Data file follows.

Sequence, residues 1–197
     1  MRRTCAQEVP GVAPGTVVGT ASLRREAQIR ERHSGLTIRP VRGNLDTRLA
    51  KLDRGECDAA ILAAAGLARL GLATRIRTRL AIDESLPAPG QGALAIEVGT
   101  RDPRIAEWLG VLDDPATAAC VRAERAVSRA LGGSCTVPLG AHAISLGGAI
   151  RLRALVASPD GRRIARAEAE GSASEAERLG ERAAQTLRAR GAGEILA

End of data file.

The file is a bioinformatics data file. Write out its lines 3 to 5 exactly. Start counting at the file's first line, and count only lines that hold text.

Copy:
    51  KLDRGECDAA ILAAAGLARL GLATRIRTRL AIDESLPAPG QGALAIEVGT
   101  RDPRIAEWLG VLDDPATAAC VRAERAVSRA LGGSCTVPLG AHAISLGGAI
   151  RLRALVASPD GRRIARAEAE GSASEAERLG ERAAQTLRAR GAGEILA